Luke 1:15

“for he will be great in the sight of the Lord. He is never to take wine or other fermented drink, and he will be filled with the Holy Spirit even before he is born.”

– Luke 1:15, NIV

A certain priest named Zecharias and his wife, Elizabeth, were advanced in years and without children. They were righteous in the sight of God and walked blamelessly in keeping the commandments of God. While Zacharias was performing his priestly duties in the temple, an angel of the Lord appeared to him, standing at the altar of incense. Zacharias was troubled and afraid, but the angel delivered his message. Zacharias and Elizabeth would be the parents of a son whom they were to name John. The son would become known as John the Baptist.

The role of the Holy Spirit in John the Baptist’s life is of great interest to us. John the Baptist was the forerunner of Christ. In Luke 7:26 Jesus said that John was not only a prophet, but more than a prophet. As a prophet, and the forerunner, John’s entire life would be powerfully influenced by the Holy Spirit. Luke writes (v. 15), “and he will be filled with the Holy Spirit while yet in his mother’s womb.”

When Was John Filled?

When was John the Baptist filled with the Spirit? He was filled “while yet in his mother’s womb.” (NASB) Luke uses the Greek phrase is eti ek. The word eti is an adverb meaning yet or still and ek is a preposition meaning from or out of. The phrase has been interpreted as meaning: (1) from the time of his conception, (2) within his mother’s womb, and (3) from the time of his birth. The second view is best. According to Lenski (p. 47), the eti ek phrase literally means “still from his mother’s womb.” It is, says Lenski (p. 47), a Hebrew phrase meaning “before he leaves the womb.” This view harmonizes well with Luke 1:41, which we will discuss elsewhere.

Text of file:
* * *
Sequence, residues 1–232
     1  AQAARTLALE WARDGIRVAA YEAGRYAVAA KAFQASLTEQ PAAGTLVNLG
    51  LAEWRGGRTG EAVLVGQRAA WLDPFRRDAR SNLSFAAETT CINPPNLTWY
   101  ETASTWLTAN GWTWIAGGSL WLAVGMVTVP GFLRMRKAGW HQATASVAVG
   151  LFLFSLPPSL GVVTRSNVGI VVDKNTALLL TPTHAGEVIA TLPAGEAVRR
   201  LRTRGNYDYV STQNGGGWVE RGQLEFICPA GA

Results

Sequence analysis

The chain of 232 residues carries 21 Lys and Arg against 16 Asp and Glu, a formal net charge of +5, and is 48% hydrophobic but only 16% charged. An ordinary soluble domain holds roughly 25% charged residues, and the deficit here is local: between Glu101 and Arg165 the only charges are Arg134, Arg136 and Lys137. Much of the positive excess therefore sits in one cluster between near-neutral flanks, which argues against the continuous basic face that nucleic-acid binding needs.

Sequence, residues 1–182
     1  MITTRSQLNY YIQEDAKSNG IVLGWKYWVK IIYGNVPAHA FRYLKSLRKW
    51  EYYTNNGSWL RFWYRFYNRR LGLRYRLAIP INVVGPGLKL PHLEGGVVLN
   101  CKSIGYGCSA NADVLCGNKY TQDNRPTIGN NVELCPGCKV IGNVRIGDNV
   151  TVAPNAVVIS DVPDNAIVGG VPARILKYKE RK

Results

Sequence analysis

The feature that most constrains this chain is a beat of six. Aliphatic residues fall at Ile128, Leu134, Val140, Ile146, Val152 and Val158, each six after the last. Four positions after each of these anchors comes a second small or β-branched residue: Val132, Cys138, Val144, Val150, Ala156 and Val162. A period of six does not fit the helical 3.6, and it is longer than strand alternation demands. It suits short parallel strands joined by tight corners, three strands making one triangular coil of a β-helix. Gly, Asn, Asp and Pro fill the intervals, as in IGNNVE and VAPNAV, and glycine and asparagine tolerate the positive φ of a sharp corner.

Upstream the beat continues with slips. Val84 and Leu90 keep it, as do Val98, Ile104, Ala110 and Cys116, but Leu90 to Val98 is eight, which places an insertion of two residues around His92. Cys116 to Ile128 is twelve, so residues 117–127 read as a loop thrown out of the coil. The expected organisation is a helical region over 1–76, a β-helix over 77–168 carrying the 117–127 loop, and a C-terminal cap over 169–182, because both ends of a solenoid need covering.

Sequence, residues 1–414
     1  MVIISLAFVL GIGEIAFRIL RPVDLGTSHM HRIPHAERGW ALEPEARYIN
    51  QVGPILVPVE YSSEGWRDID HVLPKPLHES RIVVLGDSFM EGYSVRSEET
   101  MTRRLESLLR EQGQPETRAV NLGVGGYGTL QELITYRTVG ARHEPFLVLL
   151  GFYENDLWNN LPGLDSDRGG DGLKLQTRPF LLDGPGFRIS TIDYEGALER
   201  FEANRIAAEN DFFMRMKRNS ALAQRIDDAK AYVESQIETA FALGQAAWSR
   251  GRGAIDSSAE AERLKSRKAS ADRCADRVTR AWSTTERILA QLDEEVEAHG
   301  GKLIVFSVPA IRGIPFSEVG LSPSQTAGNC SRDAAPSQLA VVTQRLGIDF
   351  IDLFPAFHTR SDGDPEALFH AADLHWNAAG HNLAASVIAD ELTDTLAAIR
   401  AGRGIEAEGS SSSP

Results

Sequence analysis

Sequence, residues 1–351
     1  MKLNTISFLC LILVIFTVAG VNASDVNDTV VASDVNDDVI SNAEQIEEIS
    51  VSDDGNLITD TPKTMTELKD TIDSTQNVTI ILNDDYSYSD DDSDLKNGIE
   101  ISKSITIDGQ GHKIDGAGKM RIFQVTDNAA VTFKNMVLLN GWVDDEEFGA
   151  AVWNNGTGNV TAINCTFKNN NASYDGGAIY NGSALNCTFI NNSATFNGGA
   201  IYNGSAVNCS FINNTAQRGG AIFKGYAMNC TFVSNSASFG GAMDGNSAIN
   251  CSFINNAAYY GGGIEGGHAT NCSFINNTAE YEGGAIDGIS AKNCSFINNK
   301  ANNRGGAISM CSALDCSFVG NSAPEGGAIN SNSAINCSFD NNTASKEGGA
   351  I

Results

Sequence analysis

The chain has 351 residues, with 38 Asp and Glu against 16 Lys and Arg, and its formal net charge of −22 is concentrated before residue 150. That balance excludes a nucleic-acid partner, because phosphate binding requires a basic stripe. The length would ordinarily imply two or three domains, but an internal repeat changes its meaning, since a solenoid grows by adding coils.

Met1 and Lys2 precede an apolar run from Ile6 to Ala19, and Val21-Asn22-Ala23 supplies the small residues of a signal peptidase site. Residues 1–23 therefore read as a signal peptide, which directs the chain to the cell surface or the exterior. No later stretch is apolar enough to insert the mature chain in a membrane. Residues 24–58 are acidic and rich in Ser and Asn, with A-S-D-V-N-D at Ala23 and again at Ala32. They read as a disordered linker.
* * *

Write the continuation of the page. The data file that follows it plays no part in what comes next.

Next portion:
Why was John Filled?

Why was John the Baptist filled with the Spirit? The filling of the Spirit had nothing to do with the personal salvation of John the Baptist. Rather, it had everything to do with his role and effectiveness in preparing the way for the Savior of the world to do His work. The filling of the Spirit would authenticate John the Baptist as the forerunner and empower him for his prophetic ministry. God put his approval on John by manifesting His powerful presence in his life. John was just what he was reported to be–the forerunner of Christ. A crucial evidence for this was the filling of the Spirit. Moreover, as we learn in Luke 1:17, John would be enabled by the Spirit to perform his ministry. The special emphasis in Luke is on inspired speech.

Old Testament and New Testament

Some Old Testament believers were “filled” with the Spirit. Luke uses the term plesthesetai, which is the future tense of pimplemi. As Stronstad (pp. 18-19) points out the Septuagint uses the Greek term pimplemi in connection with the Spirit several times. He includes Exodus 28:331:335:31; and Deuteronomy 34:9. According to Kittel’s Dictionary (p. 130), only Luke uses this term in the New Testament with regard to the Holy Spirit. Both the Old Testament and the New Testament use the term in connection with authentication and power for service.

All this raises the question as to what difference there is between an Old Testament experience of being filled with the Spirit and the New Testament experience. This verse does not answer the question. However, in Acts 2:17 and 33 Luke emphasizes that the filling of the Spirit is now for all believers. As we will discover, any differences between the Old Testament and the New Testament center in Christ. We will take up the subject again later.

The Sovereignty of God

The sovereignty of God stands out in Luke 1:15. John the Baptist was filled while he was in his mother’s womb. This particular instance of being filled with the Spirit does not fit well with many formations of doctrine about the Spirit. All of our views about the prior necessity of repentance, faith, obedience, and other factors must stand aside in this case. It was not possible for John to exercise choice or faith. By an act of God’s sovereignty, he was filled with the Spirit.


Kittel, Gerhard and Friedrich, Gerhard (editors), Theological Dictionary of the New Testament. Grand Rapids: Wm. B. Eerdmans Publishing Company.
Menzies, Robert P. Empowered for Witness. Sheffield: Sheffield Academic Press, 1991.
R. C. H. The Interpretation of St. Luke’s Gospel. Columbus: The Wartburg Press, 1946.
Stronstad, Roger. The Charismatic Theology of St. Luke. Peabody: Hendrickson Publishers, Inc., 1984.

Copyright 2000 © George M. Flattery

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